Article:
The UK minimum wage will rise next year, according to finance minister Jeremy Hunt, who will make the announcement at the Conservative Party’s annual conference on Monday, as the country prepares for a general election.
The increase, which will take effect in April of next year, comes amid the worst cost-of-living crisis in a generation, with the government fighting stubbornly high inflation and widespread industrial unrest.
Wages for the UK’s lowest earnings would rise to at least £11 an hour ($13.4), representing a £1,000 annual gain for a full-time worker, Hunt will tell party members in the northwestern city of Manchester.
The chancellor of the exchequer will also announce proposals for a crackdown on people claiming out-of-work benefits payments while failing to look for work.
“Work must pay,” Hunt was expected to tell the conference, according to extracts of his speech released in advance.
“Whilst companies struggle to find workers, around 100,000 people are leaving the labour force every year for a life on benefits.
“It is a fundamental matter of fairness. Those who won’t even look for work do not deserve the same benefits as people trying hard to do the right thing,” he was due to say.
Prime Minister Rishi Sunak’s party is currently trailing the opposition Labour Party in the polls, with an election looming next year.
The British leader has to call a vote by January 2025 at the latest.
But Hunt said there would be no crowd-pleasing tax cuts this year, although he did not rule them out for 2024.
“We’re being honest with people, there is no short cut to tax cuts,” he told the GB News television channel, which is supportive of government policy.
“If I gave a big tax cut this year, it would be inflationary, because we’d be putting money in people’s pockets, which would boost up demand, which would ultimately mean prices would go up as well.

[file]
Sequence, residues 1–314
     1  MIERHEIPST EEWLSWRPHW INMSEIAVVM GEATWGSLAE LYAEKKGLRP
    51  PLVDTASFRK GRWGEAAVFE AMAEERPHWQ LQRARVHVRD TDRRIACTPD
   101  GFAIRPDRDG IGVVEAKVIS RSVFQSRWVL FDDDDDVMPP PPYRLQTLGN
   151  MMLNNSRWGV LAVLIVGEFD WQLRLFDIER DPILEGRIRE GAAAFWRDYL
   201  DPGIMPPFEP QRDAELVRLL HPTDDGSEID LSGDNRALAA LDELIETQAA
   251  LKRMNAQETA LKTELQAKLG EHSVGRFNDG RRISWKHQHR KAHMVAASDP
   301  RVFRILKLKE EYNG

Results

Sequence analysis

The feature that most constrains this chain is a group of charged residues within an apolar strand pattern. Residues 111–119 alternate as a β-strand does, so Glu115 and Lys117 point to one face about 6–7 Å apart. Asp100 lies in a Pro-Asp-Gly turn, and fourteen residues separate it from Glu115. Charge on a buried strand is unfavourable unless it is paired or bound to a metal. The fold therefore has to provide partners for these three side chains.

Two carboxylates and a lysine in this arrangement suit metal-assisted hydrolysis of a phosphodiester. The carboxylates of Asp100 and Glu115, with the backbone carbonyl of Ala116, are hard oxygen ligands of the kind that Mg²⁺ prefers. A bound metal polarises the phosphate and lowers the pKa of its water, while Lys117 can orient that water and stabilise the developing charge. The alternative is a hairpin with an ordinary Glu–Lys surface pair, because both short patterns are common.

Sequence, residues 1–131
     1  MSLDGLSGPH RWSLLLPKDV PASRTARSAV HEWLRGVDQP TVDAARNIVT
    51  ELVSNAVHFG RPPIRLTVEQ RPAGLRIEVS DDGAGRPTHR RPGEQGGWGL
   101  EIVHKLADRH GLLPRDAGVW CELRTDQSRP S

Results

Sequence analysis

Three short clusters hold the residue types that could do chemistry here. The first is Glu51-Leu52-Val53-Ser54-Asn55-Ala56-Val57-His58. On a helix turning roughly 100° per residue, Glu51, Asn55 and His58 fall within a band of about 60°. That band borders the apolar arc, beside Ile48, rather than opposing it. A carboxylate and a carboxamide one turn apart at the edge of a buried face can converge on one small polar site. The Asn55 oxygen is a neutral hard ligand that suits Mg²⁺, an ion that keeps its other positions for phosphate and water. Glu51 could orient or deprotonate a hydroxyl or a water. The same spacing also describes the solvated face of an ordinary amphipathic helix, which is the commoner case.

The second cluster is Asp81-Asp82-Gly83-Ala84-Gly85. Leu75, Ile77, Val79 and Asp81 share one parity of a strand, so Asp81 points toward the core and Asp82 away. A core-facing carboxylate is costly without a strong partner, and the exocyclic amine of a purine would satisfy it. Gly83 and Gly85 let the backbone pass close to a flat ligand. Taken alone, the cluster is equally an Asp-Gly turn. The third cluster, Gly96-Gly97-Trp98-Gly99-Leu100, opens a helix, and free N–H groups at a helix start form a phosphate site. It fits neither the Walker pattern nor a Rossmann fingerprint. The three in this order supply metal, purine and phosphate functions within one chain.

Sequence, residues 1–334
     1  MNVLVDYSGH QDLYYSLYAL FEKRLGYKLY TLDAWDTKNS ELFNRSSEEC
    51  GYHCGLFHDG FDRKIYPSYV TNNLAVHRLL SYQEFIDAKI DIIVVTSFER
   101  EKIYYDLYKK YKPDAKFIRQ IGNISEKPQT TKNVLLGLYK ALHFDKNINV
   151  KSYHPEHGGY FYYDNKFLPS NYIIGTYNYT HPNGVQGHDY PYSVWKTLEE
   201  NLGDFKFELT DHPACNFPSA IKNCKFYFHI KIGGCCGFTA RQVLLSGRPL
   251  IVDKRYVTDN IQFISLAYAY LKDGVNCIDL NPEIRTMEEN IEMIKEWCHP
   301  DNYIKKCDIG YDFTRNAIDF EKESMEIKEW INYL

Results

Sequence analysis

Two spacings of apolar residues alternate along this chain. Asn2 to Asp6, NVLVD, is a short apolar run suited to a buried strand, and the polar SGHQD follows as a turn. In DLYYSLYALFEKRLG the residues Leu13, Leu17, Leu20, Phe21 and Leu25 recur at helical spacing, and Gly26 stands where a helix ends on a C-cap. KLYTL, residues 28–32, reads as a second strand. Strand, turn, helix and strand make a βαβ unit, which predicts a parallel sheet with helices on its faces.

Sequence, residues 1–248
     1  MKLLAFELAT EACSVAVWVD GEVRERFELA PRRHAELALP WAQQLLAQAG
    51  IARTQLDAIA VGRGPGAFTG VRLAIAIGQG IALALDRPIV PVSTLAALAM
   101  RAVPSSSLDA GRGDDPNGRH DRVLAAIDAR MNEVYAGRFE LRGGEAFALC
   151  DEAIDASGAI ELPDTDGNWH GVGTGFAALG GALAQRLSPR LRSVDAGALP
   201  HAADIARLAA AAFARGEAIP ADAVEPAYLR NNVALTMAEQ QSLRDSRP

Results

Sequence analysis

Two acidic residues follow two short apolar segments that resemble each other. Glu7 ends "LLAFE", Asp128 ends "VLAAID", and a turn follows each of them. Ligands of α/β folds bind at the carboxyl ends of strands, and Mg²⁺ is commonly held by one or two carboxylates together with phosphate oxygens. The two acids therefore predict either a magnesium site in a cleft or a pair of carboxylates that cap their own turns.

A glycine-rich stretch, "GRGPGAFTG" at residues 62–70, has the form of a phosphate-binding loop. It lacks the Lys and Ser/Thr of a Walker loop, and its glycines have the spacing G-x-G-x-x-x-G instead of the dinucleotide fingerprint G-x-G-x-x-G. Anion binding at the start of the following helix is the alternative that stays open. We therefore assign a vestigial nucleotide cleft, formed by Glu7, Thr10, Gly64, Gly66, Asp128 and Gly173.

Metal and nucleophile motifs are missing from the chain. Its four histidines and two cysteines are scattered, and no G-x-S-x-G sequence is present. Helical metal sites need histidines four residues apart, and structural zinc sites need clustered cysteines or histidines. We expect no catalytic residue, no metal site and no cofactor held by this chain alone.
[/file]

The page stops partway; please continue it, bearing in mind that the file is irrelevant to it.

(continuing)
“So this is not the right time.”
Hunt’s address comes as hospital physicians begin their latest round of strike action, as the state-run National Health Service battles with massive backlogs caused by the epidemic and years of underfunding and understaffing.
On Monday, junior doctors (those below the consultant level) and consultants will strike together for the first time in three days to demand salary raises above inflation.
“I think these strikes are completely unacceptable,” Sunak said.
The long-running strike follows walkouts by other health workers such as nurses and ambulance drivers.
Others in the economy, ranging from lawyers and teachers to port employees and train drivers, have also launched walkouts.
Hunt’s announcements coincide with a recent strategic shift aimed at drawing clear lines with Labour.
Sunak proposed last month a big reset to green policy aiming at achieving net-zero carbon emissions by 2050, which is considered as a populist ploy to win over voters.
The revised policy also delayed a prohibition on the sale of new gasoline and diesel vehicles from 2030 to 2035.
The softening of the policies will ease pressure on homeowners, landlords and motorists hit by the cost-of-living.
But they have drawn criticism from opposition lawmakers, environmental campaigners and the car industry.